• Motor Torque Nov 12, 2019 BY SAMANTHA GREATHEAD

We all know the feeling of drifting off and letting our eyelids sag and gently drifting off into sleep – okay at home on the sofa but not good if one is behind the wheel of a motor vehicles.

Companies in particular need be aware of the dangers and be proactive in dealing with the deadly matter of fatigue.

We recognise that the issue is far more complex than just providing tips but at least let these serve as a reminder which can be shared in toolbox talks.

The sleepy six tips

Tip 1: Get enough sleep at the right times. Easy to say, but hard in this world of 24/7 alertness. But getting enough sleep before getting behind the wheel is key to avoiding fatigue. Also, there are certain times of day and night when you should avoid driving, if possible. Your body is naturally drowsy between the hours of 12am and 6am and from 2pm to 4pm. Additionally, a recent study suggests that driving safety-related incidents are highest during the first hour of driving after waking from sleep. So, even if you can’t avoid driving during the ‘drowsy hours,’ don’t rush to the vehicle as soon as you open your eyes.

Tip 2: Maintain a healthy diet. Skipping meals or eating at irregular times may lead to fatigue and/or food cravings. Also, going to bed with an empty stomach or immediately after a heavy meal can interfere with sleep. A light snack before bed may help you get a more restful sleep. It’s important to note that induced fatigue may cause slow reaction time, reduced attention, memory lapses, lack of awareness, mood changes and reduced judgment ability. Look for all the help you can get with your diet. Get to know the safe stops along your route that offer the healthiest selections of food.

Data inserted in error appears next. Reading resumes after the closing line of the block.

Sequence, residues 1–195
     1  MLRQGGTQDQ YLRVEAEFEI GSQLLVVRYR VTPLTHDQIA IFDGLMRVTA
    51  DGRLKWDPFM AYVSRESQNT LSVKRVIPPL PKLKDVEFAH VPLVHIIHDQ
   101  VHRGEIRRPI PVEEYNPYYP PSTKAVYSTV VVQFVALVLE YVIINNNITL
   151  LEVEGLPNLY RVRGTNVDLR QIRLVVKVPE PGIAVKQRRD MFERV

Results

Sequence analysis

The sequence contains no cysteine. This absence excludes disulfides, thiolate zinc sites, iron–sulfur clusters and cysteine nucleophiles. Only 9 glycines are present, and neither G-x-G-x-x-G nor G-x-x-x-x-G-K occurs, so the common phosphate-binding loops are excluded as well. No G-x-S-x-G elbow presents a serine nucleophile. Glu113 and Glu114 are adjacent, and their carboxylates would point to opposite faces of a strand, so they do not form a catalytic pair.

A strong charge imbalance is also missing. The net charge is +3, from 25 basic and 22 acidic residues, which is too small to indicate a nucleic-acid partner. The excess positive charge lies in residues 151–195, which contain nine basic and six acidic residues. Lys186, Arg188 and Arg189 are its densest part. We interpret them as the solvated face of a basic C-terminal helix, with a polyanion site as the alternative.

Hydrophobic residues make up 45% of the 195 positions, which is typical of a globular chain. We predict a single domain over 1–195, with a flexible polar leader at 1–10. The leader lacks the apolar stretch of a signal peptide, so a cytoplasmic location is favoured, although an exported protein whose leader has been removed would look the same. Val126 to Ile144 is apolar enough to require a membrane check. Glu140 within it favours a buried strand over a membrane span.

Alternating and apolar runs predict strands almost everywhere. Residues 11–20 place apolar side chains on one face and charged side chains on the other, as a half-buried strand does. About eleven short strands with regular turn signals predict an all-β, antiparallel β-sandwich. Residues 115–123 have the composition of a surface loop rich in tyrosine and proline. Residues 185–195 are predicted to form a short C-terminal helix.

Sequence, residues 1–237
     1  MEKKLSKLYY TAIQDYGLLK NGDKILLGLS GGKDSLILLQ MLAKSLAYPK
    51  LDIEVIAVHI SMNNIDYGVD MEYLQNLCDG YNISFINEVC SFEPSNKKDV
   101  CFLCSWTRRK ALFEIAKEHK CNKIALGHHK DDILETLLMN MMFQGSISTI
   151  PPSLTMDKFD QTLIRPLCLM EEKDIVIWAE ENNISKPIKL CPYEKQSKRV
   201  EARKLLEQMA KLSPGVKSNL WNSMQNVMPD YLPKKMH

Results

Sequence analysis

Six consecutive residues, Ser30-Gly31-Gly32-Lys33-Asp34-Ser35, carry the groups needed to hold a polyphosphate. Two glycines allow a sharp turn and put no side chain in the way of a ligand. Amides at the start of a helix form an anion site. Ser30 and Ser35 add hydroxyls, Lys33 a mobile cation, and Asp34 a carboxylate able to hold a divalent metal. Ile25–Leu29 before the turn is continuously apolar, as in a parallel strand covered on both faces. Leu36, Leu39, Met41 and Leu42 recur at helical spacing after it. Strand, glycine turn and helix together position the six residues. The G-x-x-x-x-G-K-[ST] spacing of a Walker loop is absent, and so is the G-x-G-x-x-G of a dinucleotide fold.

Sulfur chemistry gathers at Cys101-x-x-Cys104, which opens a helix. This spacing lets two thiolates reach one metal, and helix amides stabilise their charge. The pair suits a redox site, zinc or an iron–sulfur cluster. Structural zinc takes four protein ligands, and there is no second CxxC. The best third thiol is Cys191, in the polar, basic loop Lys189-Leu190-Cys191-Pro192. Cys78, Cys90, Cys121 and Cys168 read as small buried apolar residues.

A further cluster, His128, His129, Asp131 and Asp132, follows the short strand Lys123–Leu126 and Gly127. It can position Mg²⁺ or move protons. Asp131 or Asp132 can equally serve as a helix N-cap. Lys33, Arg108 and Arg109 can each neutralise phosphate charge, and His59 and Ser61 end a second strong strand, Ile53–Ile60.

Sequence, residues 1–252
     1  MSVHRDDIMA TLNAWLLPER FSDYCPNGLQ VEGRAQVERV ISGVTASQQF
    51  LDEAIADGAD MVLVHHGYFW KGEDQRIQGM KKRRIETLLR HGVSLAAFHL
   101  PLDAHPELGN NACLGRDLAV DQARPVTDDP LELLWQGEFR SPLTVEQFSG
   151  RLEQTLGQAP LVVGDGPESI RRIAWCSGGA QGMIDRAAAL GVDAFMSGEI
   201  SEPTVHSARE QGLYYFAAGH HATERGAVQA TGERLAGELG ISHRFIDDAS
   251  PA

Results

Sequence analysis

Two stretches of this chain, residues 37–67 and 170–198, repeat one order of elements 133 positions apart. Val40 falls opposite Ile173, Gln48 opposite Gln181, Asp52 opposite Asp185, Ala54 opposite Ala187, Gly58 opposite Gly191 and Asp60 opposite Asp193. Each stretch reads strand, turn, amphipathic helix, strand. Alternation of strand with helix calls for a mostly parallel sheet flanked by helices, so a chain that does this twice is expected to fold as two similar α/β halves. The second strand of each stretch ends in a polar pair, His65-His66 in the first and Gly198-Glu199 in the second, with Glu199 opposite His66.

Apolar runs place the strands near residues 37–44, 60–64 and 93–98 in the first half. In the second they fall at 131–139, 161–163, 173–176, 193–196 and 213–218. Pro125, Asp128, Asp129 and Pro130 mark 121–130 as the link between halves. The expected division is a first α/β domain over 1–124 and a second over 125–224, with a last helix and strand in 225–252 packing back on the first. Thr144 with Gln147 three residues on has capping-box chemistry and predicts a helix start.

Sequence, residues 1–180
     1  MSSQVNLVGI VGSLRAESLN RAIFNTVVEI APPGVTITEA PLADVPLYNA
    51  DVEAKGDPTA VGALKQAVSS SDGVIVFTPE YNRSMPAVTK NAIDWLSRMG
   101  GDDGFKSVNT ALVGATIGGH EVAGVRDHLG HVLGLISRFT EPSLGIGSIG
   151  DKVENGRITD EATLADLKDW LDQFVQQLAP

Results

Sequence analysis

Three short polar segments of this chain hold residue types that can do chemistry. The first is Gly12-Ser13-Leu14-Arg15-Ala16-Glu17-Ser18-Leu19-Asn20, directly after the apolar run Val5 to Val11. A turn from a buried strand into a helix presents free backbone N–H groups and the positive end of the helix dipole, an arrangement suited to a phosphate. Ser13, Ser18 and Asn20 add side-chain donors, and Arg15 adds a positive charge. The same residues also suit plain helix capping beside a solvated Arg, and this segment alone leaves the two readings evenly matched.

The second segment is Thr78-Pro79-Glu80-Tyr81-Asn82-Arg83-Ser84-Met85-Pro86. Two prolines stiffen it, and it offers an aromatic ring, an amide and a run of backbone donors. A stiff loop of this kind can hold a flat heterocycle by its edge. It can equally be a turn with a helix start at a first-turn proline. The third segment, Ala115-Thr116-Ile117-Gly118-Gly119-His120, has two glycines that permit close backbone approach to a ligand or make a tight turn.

Tip 3: Take a nap. If possible, you should take a nap when feeling drowsy or less alert. Naps should last a minimum of 10 minutes, but ideally, a nap should last up to 45 minutes. Allow at least 15 minutes after waking to fully recover before starting to drive. Studies show that short naps are more effective at restoring energy levels than coffee. Additionally, naps aimed at preventing drowsiness are generally more effective in maintaining a driver’s performance than naps taken when a person is already drowsy.

Tip 4: Avoid certain medications. Most drowsiness-inducing medications include a warning label indicating that you should not operate vehicles or machinery during use. Some of the most common medicines that may make you drowsy are tranquilizers, sleeping pills, allergy medicines, and cold medications. If you must drive with a cold, it is safer to suffer from the cold than drive under the effects of the medicine.

Tip 5: Recognise the drowsy signals. Indicators of drowsiness include frequent yawning, heavy eyes and blurred vision. Research indicates that being awake for 18 hours is comparable to having a blood alcohol concentration (BAC) of 0.08%, which is legally intoxicated and leaves you at equal risk for a crash.

Tip 6: Don’t fall for your own tricks. Smoking, turning up the radio, drinking coffee, opening the window, and other ‘alertness tricks’ are not real cures for drowsiness and may give you a false sense of security. You may feel more alert for an instant, but you won’t maintain a necessary level of alertness. In addition, excessive caffeine use can cause insomnia, headaches, irritability, and nervousness. If you must drink coffee to kick-start your shift, be aware that it takes several minutes for caffeine to get into your system and deliver the boost you need. So, if you are already tired when you first drink a caffeinated beverage, it may not take effect as quickly as you might expect. Moreover, if you are a regular caffeine user, the effect may be much smaller.

Takeaway for Managers

Make sure you have a policy that discourages drowsy driving and offer training to help your drivers stay alert on the road. Put your drivers on a realistic schedule. It will not only keep them and everyone else on the road safe but will also keep you in compliance and out of court.